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tech talk: Bushings Vs. Ball Bearings

Question:

Most bow manufactures are using bushings instead of ball bearings. There is a reason why and how come they do. Anti-friction bearings such as ball bearings and needle or roller bearings do provide less friction than sleeve bearings in most cases. However, their use requires special consideration depending on type of anti-friction bearings selected. If the bearings has an inner race as well as an outer race, special hardened axles are not necessary. If not, the axles must be hardened to the 60 to 63 Rockwell C level to function right. The wheel or cam hub generally must have a larger diameter to accommmodate the bore required to accept the cased bearing. In my mind optimum performance can be achieved with the use of anti-friction bearings , however, I would not say that arrow velocity would have a great gain. I would say that installing anti-friction bearings in an existing cam or eccentric with sleeve bearings would be a formidable match.

Response:

>I would say that installing anti-friction bearings in an > existing cam or eccentric with sleeve bearings would be a formidable > match.

Some might say…impossible even. Have you found an "anti-friction" bearing that has an O.D. and I.D. matching even the finest oil impregnated bronze bushing? Interesting idea though. If your talking about having a static axle and only a bearing on the cam I suppose it would work. (Unless you want your limb tips to have a huge boss for embedding roller bearings) But then again it surely would weight twice as much and cost twice as much….at least. Think about it. The cams don’t constantly spin on the axle, nor does the axle constantly spin withint the limb tips. Roller bearings are best suited for constant velocities.

Response:

> Most bow manufactures are using bushings instead of ball bearings. There > is a reason why and how come they do. ><snip>

That’s nice.  Thanks for that. -Mac

Response:

Back in the old days needle bearings were pretty common. My father had needle bearings in almost all of his bows in the early 1970’s. I never paid attention so I don’t know if he installed them himself or whether they came that way, but I suspect that you could purchase them that way since he didn’t have access to a machine shop. I suspect that the reason they aren’t found in today’s bows is that they really aren’t necessary, and a cam/wheel with bushings is going to be much less expensive than one with bearings. — Arlington, Massachusetts USA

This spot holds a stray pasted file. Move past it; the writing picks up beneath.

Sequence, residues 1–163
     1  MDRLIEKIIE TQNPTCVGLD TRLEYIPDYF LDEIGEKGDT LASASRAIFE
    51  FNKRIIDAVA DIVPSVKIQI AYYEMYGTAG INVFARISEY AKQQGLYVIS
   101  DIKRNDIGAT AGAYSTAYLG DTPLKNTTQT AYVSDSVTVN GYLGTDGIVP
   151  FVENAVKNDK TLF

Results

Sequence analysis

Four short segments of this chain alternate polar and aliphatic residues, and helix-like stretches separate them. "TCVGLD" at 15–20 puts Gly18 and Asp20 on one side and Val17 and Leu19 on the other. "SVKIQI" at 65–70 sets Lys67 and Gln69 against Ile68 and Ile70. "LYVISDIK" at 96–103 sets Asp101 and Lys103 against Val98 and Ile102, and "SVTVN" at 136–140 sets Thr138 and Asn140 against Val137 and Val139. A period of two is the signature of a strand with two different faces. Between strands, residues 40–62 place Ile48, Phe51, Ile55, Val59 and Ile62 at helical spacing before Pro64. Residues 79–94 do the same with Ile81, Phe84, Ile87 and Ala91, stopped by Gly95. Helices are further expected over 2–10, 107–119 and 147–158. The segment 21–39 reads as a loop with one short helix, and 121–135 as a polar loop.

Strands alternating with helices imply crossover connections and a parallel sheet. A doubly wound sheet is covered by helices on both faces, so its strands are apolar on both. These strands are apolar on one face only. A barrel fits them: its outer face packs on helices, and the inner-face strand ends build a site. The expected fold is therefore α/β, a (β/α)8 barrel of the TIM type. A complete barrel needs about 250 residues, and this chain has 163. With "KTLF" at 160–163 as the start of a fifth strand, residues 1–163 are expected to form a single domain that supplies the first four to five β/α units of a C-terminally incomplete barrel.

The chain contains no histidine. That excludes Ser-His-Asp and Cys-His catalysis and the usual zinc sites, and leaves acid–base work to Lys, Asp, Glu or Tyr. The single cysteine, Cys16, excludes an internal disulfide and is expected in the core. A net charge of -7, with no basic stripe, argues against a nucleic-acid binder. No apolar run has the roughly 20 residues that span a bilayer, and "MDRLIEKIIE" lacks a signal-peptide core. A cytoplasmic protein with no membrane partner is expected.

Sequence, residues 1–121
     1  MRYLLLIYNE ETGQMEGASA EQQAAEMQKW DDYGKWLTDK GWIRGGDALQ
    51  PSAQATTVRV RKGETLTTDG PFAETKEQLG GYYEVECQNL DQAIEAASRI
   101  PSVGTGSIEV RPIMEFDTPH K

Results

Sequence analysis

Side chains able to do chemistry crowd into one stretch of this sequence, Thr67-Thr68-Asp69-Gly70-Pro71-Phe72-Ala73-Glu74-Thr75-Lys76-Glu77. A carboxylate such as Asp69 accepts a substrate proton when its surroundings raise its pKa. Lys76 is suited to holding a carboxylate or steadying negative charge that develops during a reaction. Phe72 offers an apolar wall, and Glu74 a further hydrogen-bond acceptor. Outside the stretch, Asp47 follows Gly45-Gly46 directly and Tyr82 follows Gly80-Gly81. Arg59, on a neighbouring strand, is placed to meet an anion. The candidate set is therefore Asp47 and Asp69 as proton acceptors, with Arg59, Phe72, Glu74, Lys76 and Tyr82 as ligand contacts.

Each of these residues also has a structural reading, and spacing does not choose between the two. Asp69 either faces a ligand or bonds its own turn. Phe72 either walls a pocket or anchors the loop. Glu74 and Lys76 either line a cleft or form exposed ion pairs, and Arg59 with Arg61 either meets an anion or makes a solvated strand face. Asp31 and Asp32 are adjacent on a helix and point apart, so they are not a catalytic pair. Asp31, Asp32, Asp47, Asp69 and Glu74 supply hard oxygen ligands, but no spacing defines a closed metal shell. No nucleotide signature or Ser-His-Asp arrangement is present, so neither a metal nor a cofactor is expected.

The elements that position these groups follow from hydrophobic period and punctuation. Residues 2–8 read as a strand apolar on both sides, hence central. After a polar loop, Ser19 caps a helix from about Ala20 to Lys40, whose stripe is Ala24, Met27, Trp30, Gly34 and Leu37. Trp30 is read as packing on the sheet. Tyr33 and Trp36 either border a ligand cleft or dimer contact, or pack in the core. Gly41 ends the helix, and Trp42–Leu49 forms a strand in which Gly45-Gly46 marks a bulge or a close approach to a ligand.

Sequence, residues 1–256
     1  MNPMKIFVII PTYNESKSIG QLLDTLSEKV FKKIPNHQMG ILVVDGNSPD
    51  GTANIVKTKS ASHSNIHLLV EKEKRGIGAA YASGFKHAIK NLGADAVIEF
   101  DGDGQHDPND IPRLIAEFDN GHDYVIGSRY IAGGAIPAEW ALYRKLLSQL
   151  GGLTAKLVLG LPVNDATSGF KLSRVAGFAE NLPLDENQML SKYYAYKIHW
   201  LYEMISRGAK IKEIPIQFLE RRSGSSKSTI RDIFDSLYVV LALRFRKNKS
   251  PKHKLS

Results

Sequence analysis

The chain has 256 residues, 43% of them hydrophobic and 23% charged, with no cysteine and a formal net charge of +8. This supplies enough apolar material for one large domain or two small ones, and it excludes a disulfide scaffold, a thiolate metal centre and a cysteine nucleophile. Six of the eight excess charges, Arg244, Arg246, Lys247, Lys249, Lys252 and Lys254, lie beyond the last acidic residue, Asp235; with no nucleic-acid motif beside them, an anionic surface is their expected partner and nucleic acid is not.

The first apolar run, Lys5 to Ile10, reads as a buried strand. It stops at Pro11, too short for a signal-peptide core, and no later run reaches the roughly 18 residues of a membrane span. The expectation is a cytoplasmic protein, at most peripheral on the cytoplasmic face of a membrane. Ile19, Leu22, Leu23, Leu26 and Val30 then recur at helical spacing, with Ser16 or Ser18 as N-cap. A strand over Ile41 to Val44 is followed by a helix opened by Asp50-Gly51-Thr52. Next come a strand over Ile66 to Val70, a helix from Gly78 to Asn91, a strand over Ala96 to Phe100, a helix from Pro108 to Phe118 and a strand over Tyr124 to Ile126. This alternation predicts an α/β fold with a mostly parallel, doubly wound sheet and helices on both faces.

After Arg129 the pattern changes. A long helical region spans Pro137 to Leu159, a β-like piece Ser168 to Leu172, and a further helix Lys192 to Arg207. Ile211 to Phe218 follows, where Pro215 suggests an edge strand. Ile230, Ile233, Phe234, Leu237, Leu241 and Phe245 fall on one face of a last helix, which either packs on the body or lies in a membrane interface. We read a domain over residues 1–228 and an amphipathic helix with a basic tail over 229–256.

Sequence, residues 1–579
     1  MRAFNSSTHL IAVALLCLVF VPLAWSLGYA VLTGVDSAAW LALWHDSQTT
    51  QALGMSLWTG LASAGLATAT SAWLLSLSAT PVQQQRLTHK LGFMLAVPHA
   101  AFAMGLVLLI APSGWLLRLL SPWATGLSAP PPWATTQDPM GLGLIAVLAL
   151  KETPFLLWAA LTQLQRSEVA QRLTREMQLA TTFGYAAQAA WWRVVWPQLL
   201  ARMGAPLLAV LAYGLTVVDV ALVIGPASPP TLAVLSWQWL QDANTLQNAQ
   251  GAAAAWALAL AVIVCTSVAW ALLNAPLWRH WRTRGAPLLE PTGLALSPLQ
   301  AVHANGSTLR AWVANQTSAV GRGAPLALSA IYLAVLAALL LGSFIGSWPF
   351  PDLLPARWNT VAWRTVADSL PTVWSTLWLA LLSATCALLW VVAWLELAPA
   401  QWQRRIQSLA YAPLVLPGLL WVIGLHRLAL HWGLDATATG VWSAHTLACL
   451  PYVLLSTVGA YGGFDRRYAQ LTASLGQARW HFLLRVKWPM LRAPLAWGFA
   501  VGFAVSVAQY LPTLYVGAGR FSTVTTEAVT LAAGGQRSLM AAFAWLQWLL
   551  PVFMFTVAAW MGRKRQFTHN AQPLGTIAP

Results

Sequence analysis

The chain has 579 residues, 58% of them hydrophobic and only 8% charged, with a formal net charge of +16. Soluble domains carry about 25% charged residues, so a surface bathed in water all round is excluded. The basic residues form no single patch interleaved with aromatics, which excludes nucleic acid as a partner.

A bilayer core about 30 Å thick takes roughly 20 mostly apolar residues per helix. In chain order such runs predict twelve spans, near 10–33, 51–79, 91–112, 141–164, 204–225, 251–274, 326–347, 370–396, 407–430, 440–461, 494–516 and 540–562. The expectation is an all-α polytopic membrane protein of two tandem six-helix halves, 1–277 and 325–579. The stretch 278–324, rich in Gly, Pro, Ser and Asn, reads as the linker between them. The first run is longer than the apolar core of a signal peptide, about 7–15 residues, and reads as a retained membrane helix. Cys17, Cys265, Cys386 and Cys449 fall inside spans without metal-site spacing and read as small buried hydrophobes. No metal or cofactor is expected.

Response:

There was an article in Archery Focus (maybe a year or so back now) on doing a home conversion from bush to bearings. It didn’t sound like a great deal of work, just a pain to locate the components… The author claimed a slight speed increase (IIRC) and an increase in speed stability (less fluctuation). – Hide quoted text — Show quoted text ->I would say that installing anti-friction bearings in an > existing cam or eccentric with sleeve bearings would be a formidable > match. > Some might say…impossible even. > Have you found an "anti-friction" bearing that has an O.D. and I.D. matching > even the finest oil impregnated bronze bushing? > Interesting idea though. If your talking about having a static axle and only > a bearing on the cam I suppose it would work. (Unless you want your limb > tips to have a huge boss for embedding roller bearings) But then again it > surely would weight twice as much and cost twice as much….at least. > Think about it. The cams don’t constantly spin on the axle, nor does the > axle constantly spin withint the limb tips. Roller bearings are best suited > for constant velocities.

Response:

> The author claimed a slight speed increase (IIRC) and an increase in > speed stability (less fluctuation).

Did the author disclose the increased maintenance as well?  I wonder what a rusty needle bearing cage would do for your speed? …if it was me, I’d just stick with quality bushings and aim a bit higher.

Response:

> Most bow manufactures are using bushings instead of ball bearings. There > is a reason why and how come they do.

I see that Alpine Archery has incorporated some type of bearing technology into their Fast Trac series of bows.  Has anyone shot one to know the difference in performance? Chris

Response:

The author claimed he’d been using the modified bow without maintenance for "quite some time now" (nicely unspecific), He also claimed to be having to change his bushings (due to wear) 1-3 times each year… He replaced the bushing with enclosed stainless steel ball bearings, rather than needle bearings, which may have reduced the maintenance overhead. It was the May/June ‘99 issue of AF. – Hide quoted text — Show quoted text -> The author claimed a slight speed increase (IIRC) and an increase in > speed stability (less fluctuation). > Did the author disclose the increased maintenance as well?  I wonder what a > rusty needle bearing cage would do for your speed? > …if it was me, I’d just stick with quality bushings and aim a bit higher. >

Response:

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